I can't believe it, but it's been 10 years since Tim and I decided to get hitched while visiting Las Vegas! Here is the story if you haven't heard it already:
We had known each other for a little more than a month; he had just met my parents, and we were very very very much in love.
We got married in the drive-thru of the Little White Wedding Chapel in a Prius that ironically ran out of gas on the way from LA to Vegas. We had to siphon some gas from some fellows we found soaking in a feed trough by the side of the road.
The bride wore a tight black Placebo shirt and jeans. The groom wore a beard and a green shirt with a red "Om" symbol embroidered on the chest.
The marriage was consummated in a $20 room at Circus Circus for a couple hours, then we drove back to LA because we had to meet my parents for dinner.
We kept it our little secret for almost a year, until I discovered I was pregnant with Isaac, and I told my mom not to worry because we were already married. She was a little upset over the unplanned pregnancy, but she blew her top off when she learned we had eloped. So she demanded I plan a wedding in one month. That 10th anniversary will be next June. I'll post wedding pics then.
As for my thoughts on marriage, my motto is still "Marriage is not for the weak." It is something you really have to fight tooth and nail to protect, and not from external forces, but from the internal conflicts. It is a bond that is created from the deepest parts of two people's souls, but once created, needs to be treated as its own autonomous entity -- because at the worst of times, the worst parts of you (bitterness, jealousy, boredom, insecurity, vanity, etc.) will try to sabotage it. I don't know why, it doesn't make sense, but it happens to everyone.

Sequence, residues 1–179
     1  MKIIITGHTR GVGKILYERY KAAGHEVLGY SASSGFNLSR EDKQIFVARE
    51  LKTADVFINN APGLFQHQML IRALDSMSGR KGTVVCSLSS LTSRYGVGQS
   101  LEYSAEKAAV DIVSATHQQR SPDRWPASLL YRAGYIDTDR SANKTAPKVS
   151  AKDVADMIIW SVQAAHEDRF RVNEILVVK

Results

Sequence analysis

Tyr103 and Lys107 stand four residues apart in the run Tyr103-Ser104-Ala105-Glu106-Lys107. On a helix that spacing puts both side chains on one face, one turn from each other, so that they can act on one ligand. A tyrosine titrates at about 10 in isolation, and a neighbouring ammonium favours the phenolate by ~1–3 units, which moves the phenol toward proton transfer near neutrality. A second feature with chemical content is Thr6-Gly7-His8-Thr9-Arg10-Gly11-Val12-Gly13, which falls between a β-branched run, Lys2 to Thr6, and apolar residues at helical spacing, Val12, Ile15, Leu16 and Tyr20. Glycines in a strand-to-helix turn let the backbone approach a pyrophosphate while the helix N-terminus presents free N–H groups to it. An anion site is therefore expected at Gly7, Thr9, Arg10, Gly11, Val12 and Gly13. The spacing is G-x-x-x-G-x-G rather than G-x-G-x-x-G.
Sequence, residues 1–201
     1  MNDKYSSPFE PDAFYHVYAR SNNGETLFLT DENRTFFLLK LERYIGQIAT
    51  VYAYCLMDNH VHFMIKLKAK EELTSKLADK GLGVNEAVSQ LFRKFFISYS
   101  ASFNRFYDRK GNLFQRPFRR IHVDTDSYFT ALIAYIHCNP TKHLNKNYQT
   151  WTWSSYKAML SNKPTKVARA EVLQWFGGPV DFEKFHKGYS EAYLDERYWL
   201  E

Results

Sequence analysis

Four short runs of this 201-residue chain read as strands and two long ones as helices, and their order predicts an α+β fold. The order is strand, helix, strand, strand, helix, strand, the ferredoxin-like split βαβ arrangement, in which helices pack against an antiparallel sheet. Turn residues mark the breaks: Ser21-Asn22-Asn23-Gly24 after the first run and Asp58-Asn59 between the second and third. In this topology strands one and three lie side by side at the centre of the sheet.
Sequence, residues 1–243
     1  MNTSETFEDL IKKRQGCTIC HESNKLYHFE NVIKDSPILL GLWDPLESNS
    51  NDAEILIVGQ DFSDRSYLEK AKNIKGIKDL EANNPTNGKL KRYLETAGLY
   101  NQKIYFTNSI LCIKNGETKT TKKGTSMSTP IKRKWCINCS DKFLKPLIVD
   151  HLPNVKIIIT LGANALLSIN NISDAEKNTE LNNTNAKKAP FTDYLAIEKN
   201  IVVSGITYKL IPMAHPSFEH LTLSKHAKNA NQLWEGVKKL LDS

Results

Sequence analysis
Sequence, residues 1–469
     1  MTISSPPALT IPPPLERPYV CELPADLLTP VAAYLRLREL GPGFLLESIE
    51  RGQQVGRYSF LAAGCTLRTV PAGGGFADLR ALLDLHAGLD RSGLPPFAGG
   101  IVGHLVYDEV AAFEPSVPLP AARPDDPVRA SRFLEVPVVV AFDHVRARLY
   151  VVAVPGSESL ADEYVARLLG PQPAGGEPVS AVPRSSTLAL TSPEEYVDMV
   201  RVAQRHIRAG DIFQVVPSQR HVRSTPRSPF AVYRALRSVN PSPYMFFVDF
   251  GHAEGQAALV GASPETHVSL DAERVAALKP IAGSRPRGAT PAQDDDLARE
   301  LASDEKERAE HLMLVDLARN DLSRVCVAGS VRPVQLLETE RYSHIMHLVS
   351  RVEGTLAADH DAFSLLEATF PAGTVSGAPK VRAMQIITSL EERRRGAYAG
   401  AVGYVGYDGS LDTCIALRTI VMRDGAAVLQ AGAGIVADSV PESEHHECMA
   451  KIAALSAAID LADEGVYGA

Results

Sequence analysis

When the Doomsday Device does trigger, all I can suggest is to slow down the pace: set up a reminder to call the lawyers 6 months from when you originally wanted to call them, and if you have been absolutely miserable that whole time, then do it. Nothing faster than that (unless, of course, your life is at risk). Treat marriage-time as epoch-time; slow and steady. In other words, in honor of Intergalactic Towel Day: DON'T PANIC.
RE: What do you think other couples can learn from your marriage?
MO: To the extent that there's a lesson learned from another marriage, the thing that I tell lots of young couples is that marriage is hard work. Even the best of marriages require a lot of work — even if you're married to your soul mate who has very few flaws. Building a life with a person other than yourself, and raising kids and dealing with all of the bumps and the bruises and the joys and the pains that go along with life, that creates the natural state of marriage, and it's a challenge. I say that to people not to discourage them, but to say that you will inevitably hit those bumps. Don't view that as a shortcoming of yourself or your spouse or your marriage. Don't give up on it. Just understand that you're going along the path that everybody else goes on. Go in ready for the work.
To Tim: Thank you, thank you, thank you. See you tonight.